President Obama will announce at Tuesday night’s State of the Union address that 34,000 troops – more than half of those currently serving in the combat region – will be back from Afghanistan a year from tonight, according to a source familiar with the speech.
Roughly 66,000 U.S. troops are serving in Afghanistan. The military has proposed keeping several thousand troops in the country after 2014 as advisers, trainers and logistical support for Afghan forces; the White House has said it remains open to pulling out all troops entirely.
Tune in to ABCNews.com/live for live streaming coverage of the 2013 State of the Union Address at 9 p.m. ET
In January, during a meeting with Afghan President Hamid Karzai, Obama said today that most U.S. combat operations in Afghanistan would end this spring, signaling a quickening troop drawdown that will bring the decade-long war to a close at the end of 2014.
“Our troops will continue to fight alongside Afghans when needed, but let me say it as plainly as I can: Starting this spring, our troops will have a different mission — training, advising, assisting Afghan forces,” Obama said Jan. 11th at an East Room news conference in Washington.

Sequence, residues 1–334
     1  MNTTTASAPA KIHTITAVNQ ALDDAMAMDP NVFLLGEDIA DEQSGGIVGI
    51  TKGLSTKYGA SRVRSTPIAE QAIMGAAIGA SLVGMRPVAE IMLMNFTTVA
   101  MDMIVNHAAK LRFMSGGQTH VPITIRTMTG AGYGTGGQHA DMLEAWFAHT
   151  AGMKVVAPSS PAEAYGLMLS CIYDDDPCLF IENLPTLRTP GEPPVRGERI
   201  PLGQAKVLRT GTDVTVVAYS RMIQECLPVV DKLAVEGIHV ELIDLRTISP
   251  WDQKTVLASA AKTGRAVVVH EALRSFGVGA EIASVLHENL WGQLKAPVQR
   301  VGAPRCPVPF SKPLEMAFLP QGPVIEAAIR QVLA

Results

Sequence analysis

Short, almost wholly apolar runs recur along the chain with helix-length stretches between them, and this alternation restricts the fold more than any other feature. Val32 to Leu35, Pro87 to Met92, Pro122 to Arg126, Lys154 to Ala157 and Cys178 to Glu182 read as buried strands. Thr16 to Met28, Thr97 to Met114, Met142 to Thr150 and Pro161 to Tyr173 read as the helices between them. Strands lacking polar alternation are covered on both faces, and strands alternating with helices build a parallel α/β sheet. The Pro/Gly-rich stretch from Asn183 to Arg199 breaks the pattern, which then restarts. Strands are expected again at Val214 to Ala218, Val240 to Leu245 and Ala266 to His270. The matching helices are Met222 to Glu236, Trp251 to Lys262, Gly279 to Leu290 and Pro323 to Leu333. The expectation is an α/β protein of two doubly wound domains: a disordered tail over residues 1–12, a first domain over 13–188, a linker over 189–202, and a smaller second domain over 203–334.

His comments planned for the State of the Union Address put specific numbers along with that new mission.
Update at 3:06 p.m. ET
Pentagon officials have repeatedly said that before they could calculate the pace with which 66,000 U.S. troops would leave Afghanistan they had to determine how many would be left behind after 2014. But tonight’s planned announcement from President Obama would seem to reverse that rationale.
A U.S. official explains that it was determined that announcing a troop reduction wouldn’t impact the analysis of how many troops are left after 2014. The official said it was made easier by the fact that the “mission-sets ” for that future force are already pretty clear and there didn’t seem to be a conflict. The official says the 34,000 number was recommended to the President by both outgoing Defense Secretary Leon Panetta and Gen. John Allen in Afghanistan.
Another U.S. official says the release of the number today in advance of tonight’s speech was done out of concern that the information was about to be reported based on leaks.
A U.S. official confirms a Washington Post report today that the current White House discussion centers on leaving fewer than 10,000 troops behind in Afghanistan after 2014 and then phasing them down gradually the next few years.